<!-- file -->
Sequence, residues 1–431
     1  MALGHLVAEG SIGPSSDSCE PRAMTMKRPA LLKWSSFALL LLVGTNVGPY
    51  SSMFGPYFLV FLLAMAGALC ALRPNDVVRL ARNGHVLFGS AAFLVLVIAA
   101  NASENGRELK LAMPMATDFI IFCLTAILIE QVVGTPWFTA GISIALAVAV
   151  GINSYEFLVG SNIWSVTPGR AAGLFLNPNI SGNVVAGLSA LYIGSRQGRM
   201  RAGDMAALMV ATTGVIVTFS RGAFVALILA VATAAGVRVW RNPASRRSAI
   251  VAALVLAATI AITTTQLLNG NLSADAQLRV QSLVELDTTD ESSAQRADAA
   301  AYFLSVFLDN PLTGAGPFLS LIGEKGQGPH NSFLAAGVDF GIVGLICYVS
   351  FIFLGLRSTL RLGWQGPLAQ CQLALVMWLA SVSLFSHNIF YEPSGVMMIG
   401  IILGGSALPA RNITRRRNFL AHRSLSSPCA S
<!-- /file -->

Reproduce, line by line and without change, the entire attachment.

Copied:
Sequence, residues 1–431
     1  MALGHLVAEG SIGPSSDSCE PRAMTMKRPA LLKWSSFALL LLVGTNVGPY
    51  SSMFGPYFLV FLLAMAGALC ALRPNDVVRL ARNGHVLFGS AAFLVLVIAA
   101  NASENGRELK LAMPMATDFI IFCLTAILIE QVVGTPWFTA GISIALAVAV
   151  GINSYEFLVG SNIWSVTPGR AAGLFLNPNI SGNVVAGLSA LYIGSRQGRM
   201  RAGDMAALMV ATTGVIVTFS RGAFVALILA VATAAGVRVW RNPASRRSAI
   251  VAALVLAATI AITTTQLLNG NLSADAQLRV QSLVELDTTD ESSAQRADAA
   301  AYFLSVFLDN PLTGAGPFLS LIGEKGQGPH NSFLAAGVDF GIVGLICYVS
   351  FIFLGLRSTL RLGWQGPLAQ CQLALVMWLA SVSLFSHNIF YEPSGVMMIG
   401  IILGGSALPA RNITRRRNFL AHRSLSSPCA S